E-lert / Cyberavis is a weekly alerting service commissioned for CARL Directors. Coverage is principally: research, innovation, scholarly publishing, scholarly communication, scholarly journals, electronic journals, copyright and access to published government information.

E-lert / Cyberavis est un service de signalement hebdomadaire à l'intention des membres de l'ABRC. Il porte principalement sur les domaines suivants: recherche, innovation, édition savante, communication savante, périodiques savants, périodiques électroniques, droit d’auteur et accès aux informations gouvernementales rendues publiques.


The minutes (members only) and the summary of the 2007 Fall General Meeting are available on the CARL Web site.


Le procès-verbal (accès réservé aux membres) et le résumé de l’assemblée générale de l’automne 2007 sont disponibles sur le site Web de l’ABRC.


Digital copyright rules still in limbo

Guy Dixon

Globe and Mail, March 6, 2008

The digital copyright issue just won't go away. With recording, broadcasting, podcasting and forecasting experts in Toronto for the industry side of the Canadian Music Week convention today through Saturday, topic No. 1 will be the limbo state of Canadian copyright legislation. With unauthorized downloading still legal in Canada, a digital copyright bill remains indefinitely delayed. Graham Henderson, president of the Canadian Recording Industry Association (CRIA) representing the major labels, says new legislation is needed simply to bring Canada up to speed with other countries. The aim isn't to sue teens and grannies indulging in a little downloading (as seen in the United States), but to go after the Bit Torrent sites enabling mass unauthorized file-sharing.


Lawrence Adrian Moore receives 2008 Haycock Award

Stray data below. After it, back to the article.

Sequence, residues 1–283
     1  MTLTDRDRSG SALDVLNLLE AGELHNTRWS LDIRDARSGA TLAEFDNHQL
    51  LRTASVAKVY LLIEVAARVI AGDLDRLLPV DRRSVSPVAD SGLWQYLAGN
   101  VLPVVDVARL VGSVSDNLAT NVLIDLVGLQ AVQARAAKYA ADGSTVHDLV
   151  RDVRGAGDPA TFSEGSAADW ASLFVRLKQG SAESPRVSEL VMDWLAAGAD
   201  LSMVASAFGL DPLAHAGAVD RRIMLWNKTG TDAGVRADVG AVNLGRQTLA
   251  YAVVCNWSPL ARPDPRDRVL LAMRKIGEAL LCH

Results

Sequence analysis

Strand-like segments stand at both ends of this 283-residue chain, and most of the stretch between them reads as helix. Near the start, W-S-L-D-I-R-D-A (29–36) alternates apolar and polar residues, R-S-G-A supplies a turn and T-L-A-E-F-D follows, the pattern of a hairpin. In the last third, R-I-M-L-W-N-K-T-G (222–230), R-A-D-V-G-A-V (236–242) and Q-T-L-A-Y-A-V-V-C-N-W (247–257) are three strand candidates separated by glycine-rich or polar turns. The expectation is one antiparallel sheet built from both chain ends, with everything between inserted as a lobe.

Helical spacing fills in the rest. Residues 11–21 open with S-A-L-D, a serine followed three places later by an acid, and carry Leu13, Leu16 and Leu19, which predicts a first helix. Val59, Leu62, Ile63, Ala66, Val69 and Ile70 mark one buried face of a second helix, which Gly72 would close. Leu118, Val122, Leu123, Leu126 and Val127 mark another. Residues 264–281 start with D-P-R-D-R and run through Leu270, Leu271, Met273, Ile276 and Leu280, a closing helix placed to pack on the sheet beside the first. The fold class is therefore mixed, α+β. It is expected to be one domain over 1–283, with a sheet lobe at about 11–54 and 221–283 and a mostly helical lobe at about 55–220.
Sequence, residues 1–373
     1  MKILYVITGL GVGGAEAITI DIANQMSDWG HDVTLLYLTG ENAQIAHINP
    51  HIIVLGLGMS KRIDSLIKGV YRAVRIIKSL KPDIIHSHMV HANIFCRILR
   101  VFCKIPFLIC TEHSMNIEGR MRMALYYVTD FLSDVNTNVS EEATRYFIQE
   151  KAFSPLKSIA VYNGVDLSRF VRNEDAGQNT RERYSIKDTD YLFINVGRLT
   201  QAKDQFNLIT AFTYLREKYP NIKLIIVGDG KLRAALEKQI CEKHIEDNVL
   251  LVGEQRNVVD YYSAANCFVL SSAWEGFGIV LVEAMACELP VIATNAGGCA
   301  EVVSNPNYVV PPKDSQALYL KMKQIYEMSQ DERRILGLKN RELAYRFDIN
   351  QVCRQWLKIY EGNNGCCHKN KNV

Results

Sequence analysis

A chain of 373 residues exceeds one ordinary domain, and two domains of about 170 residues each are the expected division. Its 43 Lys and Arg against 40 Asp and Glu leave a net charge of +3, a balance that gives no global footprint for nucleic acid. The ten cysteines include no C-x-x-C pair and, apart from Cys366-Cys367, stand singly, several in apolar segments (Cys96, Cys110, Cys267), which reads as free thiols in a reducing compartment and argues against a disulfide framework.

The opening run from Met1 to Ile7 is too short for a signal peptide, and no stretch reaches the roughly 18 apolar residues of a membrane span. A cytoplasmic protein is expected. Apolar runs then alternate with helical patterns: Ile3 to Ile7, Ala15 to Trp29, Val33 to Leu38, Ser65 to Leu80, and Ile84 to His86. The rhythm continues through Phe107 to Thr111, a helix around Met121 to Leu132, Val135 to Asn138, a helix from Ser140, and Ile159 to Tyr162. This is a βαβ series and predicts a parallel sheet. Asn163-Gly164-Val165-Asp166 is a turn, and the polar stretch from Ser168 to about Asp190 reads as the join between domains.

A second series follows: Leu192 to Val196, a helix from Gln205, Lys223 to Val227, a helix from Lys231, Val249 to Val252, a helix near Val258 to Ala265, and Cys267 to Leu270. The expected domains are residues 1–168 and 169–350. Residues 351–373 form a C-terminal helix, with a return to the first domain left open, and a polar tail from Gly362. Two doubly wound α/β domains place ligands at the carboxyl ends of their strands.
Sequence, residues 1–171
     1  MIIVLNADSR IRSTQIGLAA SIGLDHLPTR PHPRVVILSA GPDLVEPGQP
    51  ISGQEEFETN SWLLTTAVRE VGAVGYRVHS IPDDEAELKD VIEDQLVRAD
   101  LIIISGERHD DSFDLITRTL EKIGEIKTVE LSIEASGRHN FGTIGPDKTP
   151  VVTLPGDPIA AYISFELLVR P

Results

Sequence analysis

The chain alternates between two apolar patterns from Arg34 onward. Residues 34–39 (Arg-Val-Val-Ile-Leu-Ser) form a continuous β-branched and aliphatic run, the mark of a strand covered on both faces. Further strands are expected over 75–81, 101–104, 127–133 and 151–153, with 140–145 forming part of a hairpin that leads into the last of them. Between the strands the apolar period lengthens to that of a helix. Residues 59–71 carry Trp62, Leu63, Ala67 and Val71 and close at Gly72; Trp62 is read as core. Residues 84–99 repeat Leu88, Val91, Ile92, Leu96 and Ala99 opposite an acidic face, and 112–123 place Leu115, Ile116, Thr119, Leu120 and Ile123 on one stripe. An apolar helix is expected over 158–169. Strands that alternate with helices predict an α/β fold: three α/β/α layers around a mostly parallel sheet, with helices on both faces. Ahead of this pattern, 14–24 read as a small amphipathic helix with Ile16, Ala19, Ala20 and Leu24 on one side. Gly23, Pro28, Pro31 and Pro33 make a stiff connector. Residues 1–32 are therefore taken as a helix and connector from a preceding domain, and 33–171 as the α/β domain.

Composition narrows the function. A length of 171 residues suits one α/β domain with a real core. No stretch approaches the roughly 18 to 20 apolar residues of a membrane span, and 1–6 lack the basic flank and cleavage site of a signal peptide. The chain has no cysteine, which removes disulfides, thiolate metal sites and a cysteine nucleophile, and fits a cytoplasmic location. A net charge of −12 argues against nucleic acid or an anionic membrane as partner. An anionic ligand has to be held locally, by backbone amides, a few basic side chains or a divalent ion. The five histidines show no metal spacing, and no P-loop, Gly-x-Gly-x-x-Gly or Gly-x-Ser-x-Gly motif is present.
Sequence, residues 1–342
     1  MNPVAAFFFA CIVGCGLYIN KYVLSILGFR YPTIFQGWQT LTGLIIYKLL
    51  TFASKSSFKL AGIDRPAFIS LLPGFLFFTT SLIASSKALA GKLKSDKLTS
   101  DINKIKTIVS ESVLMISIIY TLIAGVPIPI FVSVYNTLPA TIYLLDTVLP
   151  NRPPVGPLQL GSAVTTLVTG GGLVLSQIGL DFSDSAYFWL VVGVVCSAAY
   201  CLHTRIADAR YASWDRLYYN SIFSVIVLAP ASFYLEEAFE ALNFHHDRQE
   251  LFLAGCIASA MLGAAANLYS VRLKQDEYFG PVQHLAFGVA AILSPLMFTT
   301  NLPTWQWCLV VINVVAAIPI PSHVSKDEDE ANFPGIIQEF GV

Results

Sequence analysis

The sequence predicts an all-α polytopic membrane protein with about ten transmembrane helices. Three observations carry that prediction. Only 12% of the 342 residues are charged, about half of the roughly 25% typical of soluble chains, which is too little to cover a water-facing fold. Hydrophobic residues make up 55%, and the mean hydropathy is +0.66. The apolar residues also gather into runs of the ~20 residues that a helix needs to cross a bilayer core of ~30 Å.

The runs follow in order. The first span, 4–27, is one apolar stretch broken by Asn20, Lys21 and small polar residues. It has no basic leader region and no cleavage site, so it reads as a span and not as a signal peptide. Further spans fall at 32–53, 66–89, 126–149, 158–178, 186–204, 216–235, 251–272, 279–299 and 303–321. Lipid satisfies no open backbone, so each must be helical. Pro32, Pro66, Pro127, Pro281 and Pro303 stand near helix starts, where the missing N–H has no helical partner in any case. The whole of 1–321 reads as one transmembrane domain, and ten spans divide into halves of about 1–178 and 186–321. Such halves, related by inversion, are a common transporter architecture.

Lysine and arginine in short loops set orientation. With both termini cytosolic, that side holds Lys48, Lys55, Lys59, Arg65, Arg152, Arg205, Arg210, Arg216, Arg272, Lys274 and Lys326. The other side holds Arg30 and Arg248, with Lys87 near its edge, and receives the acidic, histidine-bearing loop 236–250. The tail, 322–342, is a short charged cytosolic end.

March 4, 2008

Larry Moore, executive director of the Ontario Library Association, a post he held for 24 years until his retirement in February of this year, has been named the recipient of the 2008 American Library Association (ALA) Ken Haycock Award for Promoting Librarianship, which honors an individual for contributing significantly to the public recognition and appreciation of librarianship through professional performance, teaching, and/or writing. Among the achievements specially noted is his ability to think strategically and to apply that strategic thinking in his relationships with government. During his 40 years of devotion to making the world a better place through libraries of all types he participated in creating the document “Partners-in-Action: the School Library Resource Centre in the Curriculum.” It influenced a movement that has worldwide support to this day.


Publishers Phase Out Piracy Protection on Audio Books

Brad Stone

The New York Times, March 3, 2008

Some of the largest book publishers in the world are stripping away the anticopying software on digital downloads of audio books. The trend will allow consumers who download audio books to freely transfer these digital files between devices like their computers, iPods and cell phones — and conceivably share them with others. Dropping copying restrictions could also allow a variety of online retailers to start to sell audio book downloads. The publishers hope this openness could spark renewed growth in the audio book business, which generated $923 million in sales last year, according to the Audio Publishers Association.


Abandoning Print, Not Peer Review

Scott Jaschick

Inside Higher Ed, February 28, 2008